SEOUL, Dec. 24 (Korea Bizwire) — With South Korea undergoing a rapid demographic transformation, marketing experts are suggesting that companies target seniors, single-person households and the value-consumption generation to meet new trends in the consumer market.
The suggestions were based on a report released by The Korea Chamber of Commerce and Industry (KCCI), identifying the changes in the domestic consumption market.
The current market is facing rapid change with low birth rates and rapid population aging.
Companies should look into precedents established by the experience of Japan to predict future consumption trends and prepare for the shift in demographics.
The first change the KCCI pointed out was the expansion of the senior market. Since last year, the number of retired seniors has doubled.
Compared to the past, seniors now have the ability to shop online and show increased willingness to spend money.
Data from Japan shows that there has been increased spending by seniors as they hold more than 60 percent of the financial assets in the country, along with a boost in products and services typically popular among seniors such as the healthcare industry.
The KCCI also pointed to the example of a delivery service provided by 7-Eleven for seniors, and an easy online shopping environment.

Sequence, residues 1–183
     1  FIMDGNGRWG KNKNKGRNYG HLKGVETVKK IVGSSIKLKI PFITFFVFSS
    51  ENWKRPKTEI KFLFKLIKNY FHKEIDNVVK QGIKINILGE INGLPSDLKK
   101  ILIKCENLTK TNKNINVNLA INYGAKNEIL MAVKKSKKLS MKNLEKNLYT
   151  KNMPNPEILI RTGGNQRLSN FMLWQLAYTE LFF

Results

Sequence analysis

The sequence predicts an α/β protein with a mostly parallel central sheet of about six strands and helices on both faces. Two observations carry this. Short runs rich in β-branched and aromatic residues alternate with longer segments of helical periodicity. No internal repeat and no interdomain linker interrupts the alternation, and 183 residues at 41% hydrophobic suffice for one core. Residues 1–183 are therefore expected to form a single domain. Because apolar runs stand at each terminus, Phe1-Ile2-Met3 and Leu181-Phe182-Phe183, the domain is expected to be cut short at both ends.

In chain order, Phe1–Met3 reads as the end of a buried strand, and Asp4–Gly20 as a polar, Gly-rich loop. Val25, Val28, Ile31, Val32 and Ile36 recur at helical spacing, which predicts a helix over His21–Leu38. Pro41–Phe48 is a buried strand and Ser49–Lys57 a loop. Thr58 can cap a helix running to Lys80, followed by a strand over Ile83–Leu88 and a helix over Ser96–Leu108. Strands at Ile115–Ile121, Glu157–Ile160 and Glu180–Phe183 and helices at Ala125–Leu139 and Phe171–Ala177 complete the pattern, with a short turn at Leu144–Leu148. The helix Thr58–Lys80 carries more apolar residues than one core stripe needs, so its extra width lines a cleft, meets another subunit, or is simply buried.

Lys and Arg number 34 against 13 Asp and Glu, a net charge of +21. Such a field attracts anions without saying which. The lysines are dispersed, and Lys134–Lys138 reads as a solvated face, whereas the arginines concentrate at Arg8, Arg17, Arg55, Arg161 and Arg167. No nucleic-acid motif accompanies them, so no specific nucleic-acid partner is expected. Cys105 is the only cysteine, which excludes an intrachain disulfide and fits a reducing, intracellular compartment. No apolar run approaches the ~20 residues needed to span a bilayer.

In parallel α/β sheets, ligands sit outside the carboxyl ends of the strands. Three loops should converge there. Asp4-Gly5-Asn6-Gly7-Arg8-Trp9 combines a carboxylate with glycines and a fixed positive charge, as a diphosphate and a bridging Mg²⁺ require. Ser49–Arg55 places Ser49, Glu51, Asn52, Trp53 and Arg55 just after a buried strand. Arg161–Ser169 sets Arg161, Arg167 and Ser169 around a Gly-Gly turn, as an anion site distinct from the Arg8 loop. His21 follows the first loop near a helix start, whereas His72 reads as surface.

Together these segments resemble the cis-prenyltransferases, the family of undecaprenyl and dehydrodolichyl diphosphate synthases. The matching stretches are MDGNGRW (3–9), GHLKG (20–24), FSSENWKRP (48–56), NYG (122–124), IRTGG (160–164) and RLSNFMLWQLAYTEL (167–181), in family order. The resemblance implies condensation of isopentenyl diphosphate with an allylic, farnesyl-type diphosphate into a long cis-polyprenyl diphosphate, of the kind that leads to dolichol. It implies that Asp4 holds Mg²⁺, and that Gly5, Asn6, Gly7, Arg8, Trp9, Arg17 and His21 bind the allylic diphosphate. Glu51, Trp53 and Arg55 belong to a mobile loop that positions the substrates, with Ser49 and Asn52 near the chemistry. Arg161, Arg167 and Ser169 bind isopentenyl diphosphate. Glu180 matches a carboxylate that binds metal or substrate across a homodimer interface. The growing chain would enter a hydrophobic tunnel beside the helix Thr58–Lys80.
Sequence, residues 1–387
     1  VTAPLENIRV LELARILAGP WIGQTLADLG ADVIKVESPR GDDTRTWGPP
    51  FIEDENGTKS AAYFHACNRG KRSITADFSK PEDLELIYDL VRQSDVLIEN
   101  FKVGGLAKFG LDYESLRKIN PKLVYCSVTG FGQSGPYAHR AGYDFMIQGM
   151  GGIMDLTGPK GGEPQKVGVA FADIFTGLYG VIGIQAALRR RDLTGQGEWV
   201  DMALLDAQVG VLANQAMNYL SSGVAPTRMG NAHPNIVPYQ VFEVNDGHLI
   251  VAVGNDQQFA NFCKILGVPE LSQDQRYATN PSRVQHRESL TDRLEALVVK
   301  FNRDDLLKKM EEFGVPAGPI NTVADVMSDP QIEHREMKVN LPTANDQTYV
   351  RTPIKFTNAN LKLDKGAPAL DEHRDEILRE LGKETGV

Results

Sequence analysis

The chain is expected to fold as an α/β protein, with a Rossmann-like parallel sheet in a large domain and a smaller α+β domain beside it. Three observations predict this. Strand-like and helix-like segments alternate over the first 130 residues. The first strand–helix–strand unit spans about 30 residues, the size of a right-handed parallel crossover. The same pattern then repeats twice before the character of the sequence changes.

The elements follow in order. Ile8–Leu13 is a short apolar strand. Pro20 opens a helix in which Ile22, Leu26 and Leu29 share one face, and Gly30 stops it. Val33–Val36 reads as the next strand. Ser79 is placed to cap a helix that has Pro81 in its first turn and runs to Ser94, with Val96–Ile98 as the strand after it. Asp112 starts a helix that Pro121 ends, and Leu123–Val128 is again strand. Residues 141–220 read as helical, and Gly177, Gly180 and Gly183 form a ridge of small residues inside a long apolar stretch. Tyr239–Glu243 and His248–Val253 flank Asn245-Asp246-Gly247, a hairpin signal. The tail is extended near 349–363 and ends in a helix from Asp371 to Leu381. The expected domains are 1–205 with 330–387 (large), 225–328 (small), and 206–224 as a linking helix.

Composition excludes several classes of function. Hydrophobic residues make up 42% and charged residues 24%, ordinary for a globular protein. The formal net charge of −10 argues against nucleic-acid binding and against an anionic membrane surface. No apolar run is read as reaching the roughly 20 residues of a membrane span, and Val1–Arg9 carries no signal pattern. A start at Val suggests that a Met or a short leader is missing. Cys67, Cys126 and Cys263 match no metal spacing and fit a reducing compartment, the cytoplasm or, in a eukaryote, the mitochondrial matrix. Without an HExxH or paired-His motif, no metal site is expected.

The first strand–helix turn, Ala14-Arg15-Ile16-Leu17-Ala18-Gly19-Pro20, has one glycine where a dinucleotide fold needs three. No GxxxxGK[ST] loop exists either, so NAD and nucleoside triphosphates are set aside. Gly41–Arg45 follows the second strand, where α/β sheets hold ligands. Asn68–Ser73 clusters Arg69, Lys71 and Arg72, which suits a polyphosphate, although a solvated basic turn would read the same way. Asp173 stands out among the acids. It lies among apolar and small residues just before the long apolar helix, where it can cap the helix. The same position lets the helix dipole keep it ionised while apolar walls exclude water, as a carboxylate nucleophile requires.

The second change derives from the shift from family to living alone.
The number of single-person households has expanded by 28.6 percent since 2000, which means dining out, the consumption of prepared food and the use of convenience stores have all increased significantly.
For the young generation, price has become an important factor.
Japan already experienced such changes with lower sales at department stores and supermarkets, while sales at convenience stores skyrocketed. As such, convenience stores such as Lawson came up with individually packaged products.
The final change is the pursuit of so-called “small but certain happiness” and “heartfelt satisfaction over price”. The younger generation no longer follows popular trends, with everyone trying to maximize their own personal satisfaction.
The “small luxury” item market is expected to grow as well as experience-oriented consumption.
In Japanese book stores, there are often areas where customers can enjoy coffee and at the same time appreciate classic movies or CD displays.
To sum up, the KCCI suggested strategies to respond to such changes in the market; to foster the senior friendly market, to meet personal preference, and to evoke both value and sentiment.
Lina Jang (firstname.lastname@example.org)